Affiliate Disclosure

This website contains affiliate links, which means The Trek may receive a percentage of any product or service you purchase using the links in the articles or advertisements. The buyer pays the same price as they would otherwise, and your purchase helps to support The Trek's ongoing goal to serve you quality backpacking advice and information. Thanks for your support!

To learn more, please visit the About This Site page.

Comments 11

  • Hiker BigTex : Jun 24th

    Thanks Raven, a great synopsis of the LT and sounds like the GMC E2E presentation pack makes the mud worth it! Congrats on another trail.

  • Simba R : Jun 25th

    Thanks for the detail on the trail; it’s helpful. While I understand it for a constantly wet trail like the Long Trail, I’d be interested in why you don’t like waterproof shoes in any situation. I thru-hiked the Colorado Trail last year in waterproof trail runners and they were great. I went through rain and snowfields with dry feet the whole way. There was no wading, but that’s what camp sandals are for.

    • Deborah Dunkle : Jul 30th

      Don’t know why raven doesn’t like them but I know why I don’t. I have worn both on long distance hikes. They may be ok for some but the issue is. If you step into deep mud, water over the top of your hiking shoe or are in water enough that the gore tex or water proofing gives in they will take forever to dry out. All that wonderful protection works to keep the water in. And in my experience it will get in. Either from run off from rain pants or other water hazards. I have over 6000 miles hiking to date. I wear trail runners instead of boots and thats been my experience. As to preference ofr trail runners or hiking shoes over boots. I think out west I would wear boots due to the abundance or rattlesnakes in some areas. But I have seen way more ankle injuries in mid boots than hiking shoes because our ankle has to twist instead of your foot turning in your shoe. Plus if you keep your pack weight down (Mine is sub 30lbs with 3 liters of water and five days food) the shoes are lighter, my feet are cooler and I can do more miles. that’s my 2 cents worth. Your experience may vary of course. I don’t tell anyone what they should or should not wear or carry tis your hike after all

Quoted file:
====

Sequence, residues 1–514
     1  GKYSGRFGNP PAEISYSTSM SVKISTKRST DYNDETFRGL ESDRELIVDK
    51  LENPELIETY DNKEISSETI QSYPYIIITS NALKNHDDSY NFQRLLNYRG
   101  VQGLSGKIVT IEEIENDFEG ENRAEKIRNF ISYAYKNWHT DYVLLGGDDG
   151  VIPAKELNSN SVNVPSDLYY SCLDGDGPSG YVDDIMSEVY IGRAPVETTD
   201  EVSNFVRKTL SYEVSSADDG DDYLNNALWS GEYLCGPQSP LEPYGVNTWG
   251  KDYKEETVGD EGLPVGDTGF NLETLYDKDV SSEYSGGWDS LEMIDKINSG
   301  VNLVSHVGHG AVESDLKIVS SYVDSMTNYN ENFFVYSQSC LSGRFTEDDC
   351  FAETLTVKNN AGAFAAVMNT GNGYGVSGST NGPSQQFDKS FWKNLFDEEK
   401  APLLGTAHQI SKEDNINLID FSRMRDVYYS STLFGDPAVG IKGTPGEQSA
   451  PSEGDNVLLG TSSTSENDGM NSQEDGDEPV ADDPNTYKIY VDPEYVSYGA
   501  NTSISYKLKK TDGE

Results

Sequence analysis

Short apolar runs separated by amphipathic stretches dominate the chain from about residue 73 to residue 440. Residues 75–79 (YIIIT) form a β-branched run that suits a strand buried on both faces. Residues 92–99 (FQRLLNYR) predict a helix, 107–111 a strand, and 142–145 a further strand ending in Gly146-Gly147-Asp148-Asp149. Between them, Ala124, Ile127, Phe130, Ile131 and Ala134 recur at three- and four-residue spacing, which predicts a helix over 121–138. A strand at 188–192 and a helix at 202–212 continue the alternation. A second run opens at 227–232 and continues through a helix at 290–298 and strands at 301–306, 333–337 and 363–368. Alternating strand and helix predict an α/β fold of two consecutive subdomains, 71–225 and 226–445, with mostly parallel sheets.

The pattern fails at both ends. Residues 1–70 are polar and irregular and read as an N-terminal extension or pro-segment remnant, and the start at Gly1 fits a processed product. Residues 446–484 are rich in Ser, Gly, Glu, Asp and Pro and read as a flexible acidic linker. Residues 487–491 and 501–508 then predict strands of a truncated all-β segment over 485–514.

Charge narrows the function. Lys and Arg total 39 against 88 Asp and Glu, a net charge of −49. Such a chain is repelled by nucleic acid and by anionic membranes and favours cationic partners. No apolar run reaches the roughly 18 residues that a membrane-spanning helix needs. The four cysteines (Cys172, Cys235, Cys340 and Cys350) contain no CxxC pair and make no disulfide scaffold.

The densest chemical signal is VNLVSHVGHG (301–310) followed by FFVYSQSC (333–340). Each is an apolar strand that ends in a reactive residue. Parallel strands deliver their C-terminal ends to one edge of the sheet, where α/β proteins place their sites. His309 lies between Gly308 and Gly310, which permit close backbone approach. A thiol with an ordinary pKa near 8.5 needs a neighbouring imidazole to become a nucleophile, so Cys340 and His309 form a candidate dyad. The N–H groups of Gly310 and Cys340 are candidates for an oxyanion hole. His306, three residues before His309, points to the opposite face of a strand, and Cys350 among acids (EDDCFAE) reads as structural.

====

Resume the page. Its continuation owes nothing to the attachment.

• andrew : Oct 2nd

    Been hiking Vermont for 4 decades and while I’ve had my share of bog hikes, my daughter just through hiked the LT and it was so dry in late September there weere issues with water. Then they got swamped and it turned into cold wet bog hiking at the end, especially across Mt. Mansfield in a raging rainstorm. The one thing you can count on is that it is unpredictable. If I had to put a percent on finding wet puddled conditions, I’d say 65 percent. I’d avoid June in most years: Muddy, buggy and rainy and sometimes quite cool. I agree late Aug. and Sept. are best.
    The LT is run by stalwart volunteers and they do a creditable job in many places of putting in stone steps, waterbars, etc. but in some places the trail runs atop impermeable rock and there is no way for water to flow off and you will find muddy lakes. That is also the result of heavier traffic as popularity grows. Appreciate the boardwalks that do exist. As they say, go with the flow. Myself, I think the south to north makes most sense: The southern part is a green tunnel with relatively easy hiking that gets your legs in shape. All the prime views except Mt. Bromley are in the north, and that is where the trail yoyos relentlessly and it’s nice to finish on that literal and emotional high.
    As for waterproof shoes, that is what people use hiking in Norway and England in boggy terrain and it seems to work fine. I do feel your feet sweat more in those kind of shoes, but some shoes deal with that with how they are lined inside. Gortex, IMHO, always breaks down and stops working after muddy immersions. IN warm weather perhaps trail sandals is a good idea. MAKE SURE they have grippy soles, since the rocks and roots when wet can be slick. Poles are very helpful in wet conditions.

  • Sue : Jun 21st

    So looking forward to this end end hike. Planning to do this in September 2016 with my cousin and two dogs from north to south. Any advice would be appreciated. Thank you.

  • Jim Edwards : Oct 25th

    Are deer ticks an issue on the LT? As a totally aged hiker, as in NEVER hiked, I want to do LT E2E as a tune up for a go at hiking the lower half of the AT. I’m concerned w/ the deer tick being problematic as I like to sleep out in the open.

    • Raven : Jan 28th

      I did not have much issue with ticks on the LT, but they are there. You just have to remember to check yourself for ticks frequently! And maybe treat your gear with Permethrin because you’re prone to sleeping out in the open. That’ll keep them from hiding in your gear while you sleep.

      • Jenah : Mar 21st

        I live in VT (near Mt. Mansfield) and the ticks have gotten really bad… on a typical summer day, we take 5 ticks off each our dogs every evening. Check yourself often!

  • Patrick Auger : Nov 25th

    Interesting reading. It reminds me very memories from last summer.

    I was very dry last July, which make it often hard to find water. Weather was generally pretty good.

    Thanks for sharing.

    If you want to read my Trail Journal follow this link:


    Or visit my Facebook page: https://www.facebook.com/thelongtrail/


What Do You Think?